Bedlam stars Boris Karloff as Master George Sims, fictional ruler of the famous Bedlam hospital in the eighteenth century. Nell Bowen (Anna Lee) becomes interested in raising money to improve the conditions at the hospital after seeing inside. However, Sims doesn't want her to disrupt his profitable and enjoyable system of control and mistreatment. He has her committed to Bedlam where she tries to alter things from the inside while her Quaker friend (Richard Fraser) and Whig politician friend (Leyland Hodgson) try to free her.
Aside from a few moments in the middle, this film wasn't as dark as I expected it to be. Much of the preamble takes place outside of Bedlam and focuses on Nell's interactions with Sims, her benefactor (Billy House) and her two friends. By the time she actually ends up in Bedlam there isn't as much tension associated with the prospect as I thought there should be. However, some of the scenes once she's inside more than make up for the lengthy preamble as she faces her fears and steadfastly opposes Sims.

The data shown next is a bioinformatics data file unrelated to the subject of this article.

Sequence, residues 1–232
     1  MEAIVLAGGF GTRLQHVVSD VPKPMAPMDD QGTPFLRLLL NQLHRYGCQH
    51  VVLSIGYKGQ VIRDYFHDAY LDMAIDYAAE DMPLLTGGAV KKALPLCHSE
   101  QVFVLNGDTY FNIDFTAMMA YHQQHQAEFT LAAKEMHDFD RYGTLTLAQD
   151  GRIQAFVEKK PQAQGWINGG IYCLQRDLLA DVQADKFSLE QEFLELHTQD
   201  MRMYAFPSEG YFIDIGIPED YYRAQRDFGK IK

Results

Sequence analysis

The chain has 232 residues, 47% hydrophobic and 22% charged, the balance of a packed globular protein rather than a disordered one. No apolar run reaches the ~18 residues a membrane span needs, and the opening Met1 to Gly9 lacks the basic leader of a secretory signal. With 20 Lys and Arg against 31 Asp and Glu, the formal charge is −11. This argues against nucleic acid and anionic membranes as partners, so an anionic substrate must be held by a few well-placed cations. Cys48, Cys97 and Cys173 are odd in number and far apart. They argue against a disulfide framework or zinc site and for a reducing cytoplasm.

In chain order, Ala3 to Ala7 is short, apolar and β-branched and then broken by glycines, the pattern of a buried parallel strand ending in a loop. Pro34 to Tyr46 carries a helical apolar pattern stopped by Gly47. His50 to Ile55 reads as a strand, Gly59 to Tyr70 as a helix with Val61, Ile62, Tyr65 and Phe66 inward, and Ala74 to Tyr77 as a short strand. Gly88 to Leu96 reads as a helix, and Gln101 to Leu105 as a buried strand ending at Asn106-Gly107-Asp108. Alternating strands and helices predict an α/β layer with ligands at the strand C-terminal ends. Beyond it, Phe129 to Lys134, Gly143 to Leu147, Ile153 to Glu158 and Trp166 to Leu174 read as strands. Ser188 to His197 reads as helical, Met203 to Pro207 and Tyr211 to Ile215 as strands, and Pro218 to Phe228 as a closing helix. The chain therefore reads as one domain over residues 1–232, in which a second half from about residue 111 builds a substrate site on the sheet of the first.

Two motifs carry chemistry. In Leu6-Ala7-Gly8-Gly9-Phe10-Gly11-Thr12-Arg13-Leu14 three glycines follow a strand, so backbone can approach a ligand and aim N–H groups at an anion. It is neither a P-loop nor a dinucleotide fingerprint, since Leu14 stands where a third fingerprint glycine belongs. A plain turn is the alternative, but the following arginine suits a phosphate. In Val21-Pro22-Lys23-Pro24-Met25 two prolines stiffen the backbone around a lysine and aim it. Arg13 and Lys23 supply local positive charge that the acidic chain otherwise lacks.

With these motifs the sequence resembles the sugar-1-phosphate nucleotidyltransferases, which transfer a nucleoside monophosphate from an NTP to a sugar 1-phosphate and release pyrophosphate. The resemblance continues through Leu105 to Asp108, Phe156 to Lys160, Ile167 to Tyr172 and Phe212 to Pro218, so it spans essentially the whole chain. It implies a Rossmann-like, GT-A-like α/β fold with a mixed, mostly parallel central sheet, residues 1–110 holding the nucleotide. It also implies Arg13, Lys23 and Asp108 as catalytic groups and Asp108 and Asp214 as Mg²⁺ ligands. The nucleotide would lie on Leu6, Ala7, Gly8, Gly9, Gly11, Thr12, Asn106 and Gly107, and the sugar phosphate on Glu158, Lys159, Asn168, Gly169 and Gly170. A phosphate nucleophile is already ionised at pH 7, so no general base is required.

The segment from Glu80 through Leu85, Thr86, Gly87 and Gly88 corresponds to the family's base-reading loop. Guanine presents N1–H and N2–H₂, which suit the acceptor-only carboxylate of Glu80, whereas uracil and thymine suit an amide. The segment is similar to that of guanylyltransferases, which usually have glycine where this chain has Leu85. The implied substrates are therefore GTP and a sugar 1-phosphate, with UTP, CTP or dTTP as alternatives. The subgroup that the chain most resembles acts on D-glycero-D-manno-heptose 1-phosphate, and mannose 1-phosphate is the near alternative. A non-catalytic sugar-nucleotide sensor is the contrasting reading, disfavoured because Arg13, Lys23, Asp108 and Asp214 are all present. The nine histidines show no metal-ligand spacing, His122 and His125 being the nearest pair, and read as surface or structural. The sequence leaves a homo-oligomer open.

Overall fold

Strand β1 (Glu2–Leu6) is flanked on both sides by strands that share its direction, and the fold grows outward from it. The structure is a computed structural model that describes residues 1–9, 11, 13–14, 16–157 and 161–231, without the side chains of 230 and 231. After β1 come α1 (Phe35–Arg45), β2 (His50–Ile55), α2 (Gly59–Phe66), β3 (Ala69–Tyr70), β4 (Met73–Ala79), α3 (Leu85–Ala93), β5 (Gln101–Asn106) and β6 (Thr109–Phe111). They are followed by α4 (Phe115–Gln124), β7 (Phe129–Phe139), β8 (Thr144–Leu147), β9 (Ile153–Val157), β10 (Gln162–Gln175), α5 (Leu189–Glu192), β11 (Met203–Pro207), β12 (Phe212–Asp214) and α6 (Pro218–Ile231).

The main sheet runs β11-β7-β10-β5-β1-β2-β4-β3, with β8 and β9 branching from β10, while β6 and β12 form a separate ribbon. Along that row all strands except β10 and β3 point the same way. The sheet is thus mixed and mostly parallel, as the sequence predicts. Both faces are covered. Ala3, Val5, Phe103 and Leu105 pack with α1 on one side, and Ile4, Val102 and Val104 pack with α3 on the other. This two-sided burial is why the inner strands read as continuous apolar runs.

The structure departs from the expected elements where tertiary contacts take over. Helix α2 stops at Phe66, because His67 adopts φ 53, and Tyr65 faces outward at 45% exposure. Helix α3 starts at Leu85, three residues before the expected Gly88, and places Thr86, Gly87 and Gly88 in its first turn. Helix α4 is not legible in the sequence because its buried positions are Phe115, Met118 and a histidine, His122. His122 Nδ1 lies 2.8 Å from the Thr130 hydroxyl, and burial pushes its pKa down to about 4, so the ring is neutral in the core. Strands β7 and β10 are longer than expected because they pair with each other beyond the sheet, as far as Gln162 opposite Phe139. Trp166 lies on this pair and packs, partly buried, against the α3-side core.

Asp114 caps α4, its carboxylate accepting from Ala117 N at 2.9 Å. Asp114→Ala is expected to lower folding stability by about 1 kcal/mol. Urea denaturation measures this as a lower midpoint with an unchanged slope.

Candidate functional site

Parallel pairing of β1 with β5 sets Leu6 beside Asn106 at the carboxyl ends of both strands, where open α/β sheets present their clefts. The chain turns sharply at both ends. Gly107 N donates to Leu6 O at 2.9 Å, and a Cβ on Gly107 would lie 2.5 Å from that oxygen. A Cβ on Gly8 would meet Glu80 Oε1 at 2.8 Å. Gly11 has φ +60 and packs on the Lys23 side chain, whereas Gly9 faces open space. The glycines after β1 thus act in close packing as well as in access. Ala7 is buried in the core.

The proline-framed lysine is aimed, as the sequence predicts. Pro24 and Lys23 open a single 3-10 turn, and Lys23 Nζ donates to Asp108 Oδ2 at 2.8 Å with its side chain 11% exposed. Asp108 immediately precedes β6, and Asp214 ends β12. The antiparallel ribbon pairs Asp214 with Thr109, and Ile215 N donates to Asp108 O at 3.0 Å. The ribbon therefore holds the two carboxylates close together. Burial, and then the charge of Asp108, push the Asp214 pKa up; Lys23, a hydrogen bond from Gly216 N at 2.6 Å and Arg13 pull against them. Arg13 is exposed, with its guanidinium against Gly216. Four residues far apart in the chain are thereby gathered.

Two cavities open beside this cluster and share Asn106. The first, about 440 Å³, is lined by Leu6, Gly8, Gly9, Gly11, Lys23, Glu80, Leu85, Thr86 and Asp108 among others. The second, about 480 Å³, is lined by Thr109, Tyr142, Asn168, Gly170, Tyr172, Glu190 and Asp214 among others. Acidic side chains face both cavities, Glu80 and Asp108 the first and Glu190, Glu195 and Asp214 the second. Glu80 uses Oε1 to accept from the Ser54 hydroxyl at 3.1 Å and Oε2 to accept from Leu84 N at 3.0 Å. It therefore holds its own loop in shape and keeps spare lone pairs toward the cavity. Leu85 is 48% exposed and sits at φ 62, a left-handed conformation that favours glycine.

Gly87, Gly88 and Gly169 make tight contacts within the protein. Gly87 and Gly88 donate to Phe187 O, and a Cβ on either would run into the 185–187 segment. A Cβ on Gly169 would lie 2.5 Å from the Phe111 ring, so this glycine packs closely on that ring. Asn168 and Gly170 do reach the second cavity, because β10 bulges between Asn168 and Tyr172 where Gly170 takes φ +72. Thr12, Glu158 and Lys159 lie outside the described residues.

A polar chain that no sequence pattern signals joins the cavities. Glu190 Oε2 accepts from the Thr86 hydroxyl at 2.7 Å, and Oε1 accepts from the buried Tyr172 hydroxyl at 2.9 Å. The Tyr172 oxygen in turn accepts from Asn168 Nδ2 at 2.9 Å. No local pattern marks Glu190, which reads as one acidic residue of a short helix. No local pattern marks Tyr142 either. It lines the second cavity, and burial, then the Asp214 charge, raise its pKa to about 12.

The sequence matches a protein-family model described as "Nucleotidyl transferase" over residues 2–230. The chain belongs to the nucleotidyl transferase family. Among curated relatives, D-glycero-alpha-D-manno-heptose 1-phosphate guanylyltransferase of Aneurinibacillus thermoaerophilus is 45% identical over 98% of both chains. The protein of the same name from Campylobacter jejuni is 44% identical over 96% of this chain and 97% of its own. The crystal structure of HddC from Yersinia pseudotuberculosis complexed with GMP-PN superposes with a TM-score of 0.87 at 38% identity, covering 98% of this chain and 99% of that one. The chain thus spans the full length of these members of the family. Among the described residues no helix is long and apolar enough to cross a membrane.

Karloff puts in an impressive, occasionally subtle, performance as Sims, particularly engaging in his early scenes when he's putting on a mask of congeniality. Richard Fraser is perhaps too stern as the Quaker - although that is essentially his character trait - but Billy House as Lord Mortimer is enjoyable, infuriating and sometimes just odd. Special mentions must also go to Glen Vernon as the gilded boy, a very small part that was utterly enthralling, and Vic Holbrook as Tom.
And what of Anna Lee? At time during the opening and middle I found the character a little too upright, as though Lee was trying too hard to be aloof. As the character mellowed, so did the performance and I warmed to the character as the film went on.
Bedlam has several layers to it, depicting a few characters with tantalising backstories I wished were covered in more detail. While it isn't a spectacular film, it has a quiet intensity to it which builds throughout. Sims fate is one that I think will linger with me for a while and that's down to the power of Karloff's face. Worth a watch for the 'battle' scenes between Karloff and Lee alone.